Date of Award

Spring 5-2018

Degree Type

Honors College Thesis


Political Science, International Development, and International Affairs

First Advisor

Troy Gibson

Advisor Department

Political Science, International Development, and International Affairs


The sudden and formidable political mobilization of fundamentalist Christians in the mid-to-late 1970’s quickly garnered the attention of politicians, pastors, and political scientists alike. Since the success of the Moral Majority in the 1980s, social science researchers have dedicated special attention to the intersection of religion and social life; however, such considerations have largely neglected to sufficiently discover why fundamentalist Christians were seemingly predisposed for the high levels of political activity characteristic of the Moral Majority. Building on a historical analysis of Baptist ecclesiological and eschatological development, the purpose of this research is to consider the theological framework behind the emergence of the Moral Majority from 1979 to 1981 by investigating the development of the Baptist political theology of political activity.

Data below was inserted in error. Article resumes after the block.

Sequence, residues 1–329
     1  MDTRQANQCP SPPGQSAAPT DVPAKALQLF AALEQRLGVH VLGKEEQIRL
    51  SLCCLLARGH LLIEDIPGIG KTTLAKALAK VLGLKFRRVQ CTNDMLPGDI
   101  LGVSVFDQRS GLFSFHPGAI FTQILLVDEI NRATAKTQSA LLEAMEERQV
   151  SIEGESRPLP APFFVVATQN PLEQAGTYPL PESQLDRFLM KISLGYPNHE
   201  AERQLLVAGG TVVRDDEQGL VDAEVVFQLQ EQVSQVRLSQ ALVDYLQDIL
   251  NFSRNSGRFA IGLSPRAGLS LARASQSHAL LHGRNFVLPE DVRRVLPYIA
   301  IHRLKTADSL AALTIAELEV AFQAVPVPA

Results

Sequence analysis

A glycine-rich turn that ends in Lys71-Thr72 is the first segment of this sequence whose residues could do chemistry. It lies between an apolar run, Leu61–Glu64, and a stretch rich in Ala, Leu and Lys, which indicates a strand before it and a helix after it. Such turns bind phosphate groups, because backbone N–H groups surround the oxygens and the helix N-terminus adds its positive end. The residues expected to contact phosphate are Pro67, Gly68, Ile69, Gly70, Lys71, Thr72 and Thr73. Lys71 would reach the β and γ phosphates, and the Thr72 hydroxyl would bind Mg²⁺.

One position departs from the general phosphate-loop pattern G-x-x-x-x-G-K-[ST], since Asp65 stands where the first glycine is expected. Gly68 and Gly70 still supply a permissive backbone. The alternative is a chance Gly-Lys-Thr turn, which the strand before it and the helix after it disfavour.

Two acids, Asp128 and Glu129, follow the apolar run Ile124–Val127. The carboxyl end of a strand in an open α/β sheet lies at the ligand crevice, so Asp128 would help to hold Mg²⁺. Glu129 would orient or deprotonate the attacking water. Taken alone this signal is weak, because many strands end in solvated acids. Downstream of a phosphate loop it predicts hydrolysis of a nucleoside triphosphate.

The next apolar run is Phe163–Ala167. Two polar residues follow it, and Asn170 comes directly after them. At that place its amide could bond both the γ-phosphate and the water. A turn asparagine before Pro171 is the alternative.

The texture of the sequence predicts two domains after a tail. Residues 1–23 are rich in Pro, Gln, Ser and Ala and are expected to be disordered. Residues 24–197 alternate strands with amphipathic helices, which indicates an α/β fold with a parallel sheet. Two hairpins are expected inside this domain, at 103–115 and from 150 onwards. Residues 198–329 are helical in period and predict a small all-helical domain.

Historical and textual analyses are conducted, exploring relevant theological developments from 1533 to 1989 in ecclesiological and eschatological teaching. Initial findings signal that Baptists have a well-documented history of political activity in America and that the emergence and popularity of the Moral Majority likely paralleled the ecclesiological “Conservative Resurgence” in the SBC. Further, the role of the SBC as an alternative body politic is explored and ecclesiastical socialization is discussed. The final results of this research could be used to more precisely tailor methodologies for studies in the field of religion and politics for any religious or political group.